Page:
The energy firm behind the Shetland interconnector is looking to establish thousands of hectares of woodland throughout Scotland to enhance biodiversity.
SSEN Transmission said it was “inevitable” that it would have fell some trees during its £10 billion upgrade to the network.
The company recently faced a backlash when it emerged its team had destroyed a small area of woodland in Otterswick in Yell.
It was described as “heartbreaking”.
However SSE said “significant effort” was made to keep the need for tree felling to a minimum.
And it said it was committed to achieving a net gain in biodiversity in all of its projects.
The company is now calling on businesses to to get involved in its plans.
SSEN Transmission’s forester said: “Not only do we replace trees that are felled, but we also work to develop new woodland that provides specifically for biodiversity gain.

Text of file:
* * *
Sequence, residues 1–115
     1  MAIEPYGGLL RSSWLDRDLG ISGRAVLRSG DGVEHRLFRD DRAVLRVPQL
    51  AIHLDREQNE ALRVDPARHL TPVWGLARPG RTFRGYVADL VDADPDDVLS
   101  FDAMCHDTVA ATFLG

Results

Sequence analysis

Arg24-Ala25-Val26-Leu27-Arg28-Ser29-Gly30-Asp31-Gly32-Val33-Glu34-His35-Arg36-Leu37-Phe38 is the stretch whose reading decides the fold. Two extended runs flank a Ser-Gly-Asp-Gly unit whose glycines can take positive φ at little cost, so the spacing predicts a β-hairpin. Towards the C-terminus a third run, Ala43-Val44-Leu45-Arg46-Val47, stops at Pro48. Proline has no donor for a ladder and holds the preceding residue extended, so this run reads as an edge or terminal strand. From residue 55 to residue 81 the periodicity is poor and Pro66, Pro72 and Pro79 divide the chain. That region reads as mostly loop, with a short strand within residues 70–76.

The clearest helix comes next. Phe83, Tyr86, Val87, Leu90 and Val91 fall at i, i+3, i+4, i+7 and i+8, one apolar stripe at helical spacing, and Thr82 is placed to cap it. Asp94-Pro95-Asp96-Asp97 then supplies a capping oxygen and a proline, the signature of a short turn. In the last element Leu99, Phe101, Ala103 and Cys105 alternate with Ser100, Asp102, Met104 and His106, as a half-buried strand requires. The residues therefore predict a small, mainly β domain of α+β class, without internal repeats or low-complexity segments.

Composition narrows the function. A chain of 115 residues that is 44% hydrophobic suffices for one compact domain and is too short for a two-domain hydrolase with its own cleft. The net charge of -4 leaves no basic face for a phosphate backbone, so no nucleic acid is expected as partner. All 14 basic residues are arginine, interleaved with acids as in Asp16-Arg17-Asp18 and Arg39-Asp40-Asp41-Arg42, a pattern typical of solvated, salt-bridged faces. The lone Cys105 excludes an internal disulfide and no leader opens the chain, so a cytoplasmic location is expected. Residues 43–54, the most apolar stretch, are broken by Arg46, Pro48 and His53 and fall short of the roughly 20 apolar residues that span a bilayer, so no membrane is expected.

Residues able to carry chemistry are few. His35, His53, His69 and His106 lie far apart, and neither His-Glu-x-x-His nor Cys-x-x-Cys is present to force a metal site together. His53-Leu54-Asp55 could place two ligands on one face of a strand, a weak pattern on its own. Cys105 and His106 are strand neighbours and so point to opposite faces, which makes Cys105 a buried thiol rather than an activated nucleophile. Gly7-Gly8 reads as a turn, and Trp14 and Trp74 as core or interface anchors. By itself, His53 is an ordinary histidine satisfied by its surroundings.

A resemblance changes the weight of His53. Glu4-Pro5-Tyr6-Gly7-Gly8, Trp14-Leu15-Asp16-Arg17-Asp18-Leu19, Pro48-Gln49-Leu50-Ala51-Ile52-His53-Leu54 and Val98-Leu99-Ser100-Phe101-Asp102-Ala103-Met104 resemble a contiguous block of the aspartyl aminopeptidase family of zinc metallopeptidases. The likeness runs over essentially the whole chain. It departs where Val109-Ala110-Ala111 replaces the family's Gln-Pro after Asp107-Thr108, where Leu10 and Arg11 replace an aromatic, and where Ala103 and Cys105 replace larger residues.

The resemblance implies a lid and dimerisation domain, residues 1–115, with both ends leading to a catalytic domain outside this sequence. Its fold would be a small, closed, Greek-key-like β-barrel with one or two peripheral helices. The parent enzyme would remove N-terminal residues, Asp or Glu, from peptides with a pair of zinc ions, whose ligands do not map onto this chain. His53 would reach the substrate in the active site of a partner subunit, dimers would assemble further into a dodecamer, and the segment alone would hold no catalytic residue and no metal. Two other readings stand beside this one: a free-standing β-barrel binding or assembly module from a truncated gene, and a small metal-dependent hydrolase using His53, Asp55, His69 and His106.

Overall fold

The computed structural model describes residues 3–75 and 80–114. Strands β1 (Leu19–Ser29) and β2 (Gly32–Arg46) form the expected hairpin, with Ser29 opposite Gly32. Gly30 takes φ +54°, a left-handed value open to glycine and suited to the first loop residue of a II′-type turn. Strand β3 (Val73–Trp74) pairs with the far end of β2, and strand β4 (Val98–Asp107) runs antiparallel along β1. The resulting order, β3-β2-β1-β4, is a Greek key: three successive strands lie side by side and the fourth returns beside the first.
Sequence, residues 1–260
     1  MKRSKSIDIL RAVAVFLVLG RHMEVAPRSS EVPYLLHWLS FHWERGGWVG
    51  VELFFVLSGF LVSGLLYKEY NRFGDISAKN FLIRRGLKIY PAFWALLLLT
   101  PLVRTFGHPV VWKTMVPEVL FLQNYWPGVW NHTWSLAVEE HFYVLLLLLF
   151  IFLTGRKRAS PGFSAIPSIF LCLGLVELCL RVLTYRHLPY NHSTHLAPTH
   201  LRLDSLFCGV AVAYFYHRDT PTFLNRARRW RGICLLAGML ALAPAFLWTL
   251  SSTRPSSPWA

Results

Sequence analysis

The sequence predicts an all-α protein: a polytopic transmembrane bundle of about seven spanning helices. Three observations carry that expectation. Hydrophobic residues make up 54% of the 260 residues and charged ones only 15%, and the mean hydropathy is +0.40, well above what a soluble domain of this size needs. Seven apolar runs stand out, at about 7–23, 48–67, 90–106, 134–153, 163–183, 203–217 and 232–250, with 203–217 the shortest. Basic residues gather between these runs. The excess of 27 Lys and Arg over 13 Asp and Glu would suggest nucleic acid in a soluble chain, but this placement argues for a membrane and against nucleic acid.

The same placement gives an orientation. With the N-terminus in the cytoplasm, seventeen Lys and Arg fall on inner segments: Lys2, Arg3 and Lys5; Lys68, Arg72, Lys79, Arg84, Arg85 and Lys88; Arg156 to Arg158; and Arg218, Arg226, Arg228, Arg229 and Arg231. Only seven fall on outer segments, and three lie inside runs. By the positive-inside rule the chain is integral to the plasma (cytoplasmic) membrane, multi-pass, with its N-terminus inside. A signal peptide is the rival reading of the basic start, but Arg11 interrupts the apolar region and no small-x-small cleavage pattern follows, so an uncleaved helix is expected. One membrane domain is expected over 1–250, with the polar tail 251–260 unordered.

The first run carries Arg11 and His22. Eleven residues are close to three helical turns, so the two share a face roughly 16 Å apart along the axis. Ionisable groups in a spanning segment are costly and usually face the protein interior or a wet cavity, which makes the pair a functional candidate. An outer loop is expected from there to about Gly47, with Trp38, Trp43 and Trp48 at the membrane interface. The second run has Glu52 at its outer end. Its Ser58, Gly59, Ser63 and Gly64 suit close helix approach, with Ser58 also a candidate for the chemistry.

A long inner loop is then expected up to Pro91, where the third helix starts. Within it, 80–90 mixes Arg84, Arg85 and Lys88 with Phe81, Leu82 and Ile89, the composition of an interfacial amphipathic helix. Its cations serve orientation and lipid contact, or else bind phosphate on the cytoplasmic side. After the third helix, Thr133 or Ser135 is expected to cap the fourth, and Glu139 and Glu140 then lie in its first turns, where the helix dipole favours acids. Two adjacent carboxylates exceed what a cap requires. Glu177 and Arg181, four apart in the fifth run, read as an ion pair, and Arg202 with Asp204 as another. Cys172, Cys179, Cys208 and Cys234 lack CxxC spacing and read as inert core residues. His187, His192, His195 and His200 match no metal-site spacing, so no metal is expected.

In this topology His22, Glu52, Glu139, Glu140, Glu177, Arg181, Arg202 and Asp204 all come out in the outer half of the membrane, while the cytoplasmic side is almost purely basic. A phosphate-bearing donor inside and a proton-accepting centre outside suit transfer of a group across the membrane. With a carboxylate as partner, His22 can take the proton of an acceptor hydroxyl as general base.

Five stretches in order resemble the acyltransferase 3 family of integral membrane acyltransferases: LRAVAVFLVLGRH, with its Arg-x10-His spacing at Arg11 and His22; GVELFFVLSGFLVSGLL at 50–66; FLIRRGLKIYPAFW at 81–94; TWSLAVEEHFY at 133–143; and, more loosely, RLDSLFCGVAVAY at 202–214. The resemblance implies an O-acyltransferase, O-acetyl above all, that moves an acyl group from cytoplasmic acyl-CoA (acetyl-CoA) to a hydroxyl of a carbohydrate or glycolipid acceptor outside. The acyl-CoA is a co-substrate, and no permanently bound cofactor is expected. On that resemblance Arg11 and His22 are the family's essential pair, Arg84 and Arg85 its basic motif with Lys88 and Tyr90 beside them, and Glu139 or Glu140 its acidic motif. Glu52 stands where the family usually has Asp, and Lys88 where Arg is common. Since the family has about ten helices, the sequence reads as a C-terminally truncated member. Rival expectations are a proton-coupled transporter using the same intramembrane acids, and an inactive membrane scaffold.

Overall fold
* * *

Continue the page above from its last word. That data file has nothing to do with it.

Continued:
“At SSEN Transmission we are committed to ensuring that we deliver at least 10 per cent more biodiversity on our projects, whether they cross woodland, peatland, farmland or any other natural habitat.
“We want to leave our project sites better than we found them.
“Where it’s possible, we work with communities and other local groups to develop woodlands and we’re always keen to hear from anyone who has land that they’d like to develop a woodland on.”
With potentially several thousand hectares of new woodland needing to be developed as part of its “Pathway to 2030” programme, SSEN Transmission is looking to a wider landownership base for potential woodland development areas.
It says the programme of woodland creation is a multimillion-pound opportunity and the company is looking to engage with businesses that are able to deliver the project collaboratively, through its recently launched framework tender opportunity.
Priorities include replacing lost woodland as close as possible and project that offer community benefit as well as expanding on key habitats.
Businesses interested in taking part should contact Susan Beveridge at email@example.com to find out more.